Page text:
To better understand the role of histone variants and their post-translational modifications on the development, progression and treatment of chronic lymphocytic leukemia (CLL), we intend to develop and apply high mass accuracy mass spectrometry based assays to profile CLL-specific patterns of histone isoforms and conduct detailed molecular characterization to identify the specific histone isoforms present in different genetic subtypes of CLL and their impact on patient treatment and outcome. We will carry out these goals by profiling the state of histone modifications and characterize the changes in histone modifications that are induced by treatment with chromatin remodeling reagents and changes that are associated with specific genetic mutations. We will focus on processes that correlate with induction of apoptosis and differentiation in vitro and in vivo in CLL cells. The rationale is to define the changes in chromatin induced by these therapies and determine chromatin's potential to predict risk and outcome for the therapy. The techniques developed and validated in this proposal will allow basic scientists to detect and understand specific changes observed in histone isoforms and clinical-translational scientists to effectively predict outcome and apply therapies that modify histones in patients with CLL.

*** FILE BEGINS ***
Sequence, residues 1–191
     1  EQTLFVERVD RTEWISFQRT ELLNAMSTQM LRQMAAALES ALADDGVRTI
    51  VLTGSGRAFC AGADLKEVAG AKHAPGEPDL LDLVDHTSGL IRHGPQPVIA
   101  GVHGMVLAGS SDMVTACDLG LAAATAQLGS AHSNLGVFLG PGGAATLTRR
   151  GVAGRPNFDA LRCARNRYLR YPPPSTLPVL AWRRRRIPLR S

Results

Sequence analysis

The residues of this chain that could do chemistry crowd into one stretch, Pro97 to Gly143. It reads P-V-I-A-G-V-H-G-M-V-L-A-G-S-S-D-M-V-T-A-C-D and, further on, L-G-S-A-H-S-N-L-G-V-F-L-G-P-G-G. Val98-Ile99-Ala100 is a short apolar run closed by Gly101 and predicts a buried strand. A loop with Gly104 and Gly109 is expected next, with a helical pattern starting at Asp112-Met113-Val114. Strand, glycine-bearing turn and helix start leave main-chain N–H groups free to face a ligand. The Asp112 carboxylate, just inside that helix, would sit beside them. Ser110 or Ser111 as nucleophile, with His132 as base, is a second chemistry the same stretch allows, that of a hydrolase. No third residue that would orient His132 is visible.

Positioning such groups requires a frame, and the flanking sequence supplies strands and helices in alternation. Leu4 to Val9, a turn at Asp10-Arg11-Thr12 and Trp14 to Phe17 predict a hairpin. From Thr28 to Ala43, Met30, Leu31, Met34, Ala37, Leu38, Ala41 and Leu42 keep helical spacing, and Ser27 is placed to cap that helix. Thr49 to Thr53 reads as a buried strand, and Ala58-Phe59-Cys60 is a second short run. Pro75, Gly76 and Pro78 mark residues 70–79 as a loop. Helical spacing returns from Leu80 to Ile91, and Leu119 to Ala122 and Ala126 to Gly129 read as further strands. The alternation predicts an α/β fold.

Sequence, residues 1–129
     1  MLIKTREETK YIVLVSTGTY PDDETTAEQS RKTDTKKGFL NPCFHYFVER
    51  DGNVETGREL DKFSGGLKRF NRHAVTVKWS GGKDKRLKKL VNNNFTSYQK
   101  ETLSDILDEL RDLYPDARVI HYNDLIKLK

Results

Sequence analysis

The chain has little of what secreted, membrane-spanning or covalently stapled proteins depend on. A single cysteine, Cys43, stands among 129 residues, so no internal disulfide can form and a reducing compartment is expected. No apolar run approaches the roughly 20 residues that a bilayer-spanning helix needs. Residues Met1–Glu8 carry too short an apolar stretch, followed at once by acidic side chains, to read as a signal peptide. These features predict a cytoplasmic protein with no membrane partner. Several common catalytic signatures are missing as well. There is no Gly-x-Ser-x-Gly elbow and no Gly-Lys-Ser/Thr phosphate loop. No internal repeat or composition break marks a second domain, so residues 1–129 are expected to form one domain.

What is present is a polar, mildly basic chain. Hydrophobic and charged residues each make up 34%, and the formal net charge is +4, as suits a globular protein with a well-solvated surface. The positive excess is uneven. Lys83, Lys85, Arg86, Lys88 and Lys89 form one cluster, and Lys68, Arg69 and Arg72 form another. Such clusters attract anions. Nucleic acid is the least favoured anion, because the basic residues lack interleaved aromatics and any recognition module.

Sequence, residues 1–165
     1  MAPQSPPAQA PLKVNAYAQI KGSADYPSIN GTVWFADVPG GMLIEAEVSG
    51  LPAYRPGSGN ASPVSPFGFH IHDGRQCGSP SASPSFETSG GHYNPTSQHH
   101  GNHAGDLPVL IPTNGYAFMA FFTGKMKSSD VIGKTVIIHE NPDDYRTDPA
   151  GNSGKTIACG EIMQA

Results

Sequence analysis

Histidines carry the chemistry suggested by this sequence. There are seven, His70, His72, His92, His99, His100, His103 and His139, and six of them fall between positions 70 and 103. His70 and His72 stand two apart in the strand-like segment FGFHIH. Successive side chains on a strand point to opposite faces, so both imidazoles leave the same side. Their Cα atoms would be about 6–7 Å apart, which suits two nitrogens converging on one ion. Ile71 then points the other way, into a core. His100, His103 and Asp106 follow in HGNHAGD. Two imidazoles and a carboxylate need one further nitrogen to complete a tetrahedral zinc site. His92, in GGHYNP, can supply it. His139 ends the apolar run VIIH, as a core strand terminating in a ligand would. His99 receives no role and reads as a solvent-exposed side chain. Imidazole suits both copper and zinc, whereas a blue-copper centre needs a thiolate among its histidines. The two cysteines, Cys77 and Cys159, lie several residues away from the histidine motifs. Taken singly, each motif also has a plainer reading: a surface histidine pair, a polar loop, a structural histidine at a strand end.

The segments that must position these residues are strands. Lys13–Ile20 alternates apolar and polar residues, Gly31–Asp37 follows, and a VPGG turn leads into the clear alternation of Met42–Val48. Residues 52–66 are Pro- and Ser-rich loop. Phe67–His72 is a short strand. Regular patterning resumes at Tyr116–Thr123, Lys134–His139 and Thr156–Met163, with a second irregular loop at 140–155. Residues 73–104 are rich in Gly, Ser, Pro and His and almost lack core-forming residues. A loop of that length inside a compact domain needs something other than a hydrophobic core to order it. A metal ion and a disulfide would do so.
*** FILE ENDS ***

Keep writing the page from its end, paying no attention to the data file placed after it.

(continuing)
The aims of this application are:
Aim 1. To combine multidimensional liquid chromatography with high-mass accuracy mass spectrometry to profile histone proteins and characterize histone protein isoforms in primary malignant hematopoietic tumor cells. These techniques will be applied to profile malignant cells from genetic subtypes of CLL. We hypothesize these techniques will facilitate the characterization of histone variants and post-translational modifications and permit the targeting of specific CLL-specific sites not identifiable with currently available immunological techniques;
Aim 2. Obtain the histone profiles of CLL patients and determine the clinical relevance of these profiles relative to other biomarkers used to predict early progression of this disease. We hypothesize that the application of LC-MS based histone profiling will lead to new markers that will facilitate the stratification of CLL patients according to risk;
and Aim 3. To identify, map and characterize sites of histone post-translational modifications in malignant cells from CLL subtypes by high- mass accuracy liquid chromatography tandem mass spectrometry. We will determine the histone H1 phosphorylation isoforms present in nuclear and cytosolic extracts due to H1 release induced by flavopiridol therapy in CLL patients. We hypothesize that proteomics will allow the identification of select histone modifications that will serve as markers for mechanistic endpoints and patient outcome in flavopiridol therapy of CLL patients.
Core histones play a vital role in the regulation of cellular processes that involve access to chromosomal DNA and subsequent gene transcription. These processes are misregulated in a large proportion of cancers including chronic lymphocytic leukemia (CLL). To better understand the role of histone variants and their post- translational modifications on the development, progression and treatment of CLL, we intend to develop and apply high mass accuracy mass spectrometry based assays to profile CLL-specific patterns of histone isoforms and conduct detailed molecular characterization to identify the specific histone isoforms present in different genetic subtypes of CLL and their impact on patient treatment and outcome.
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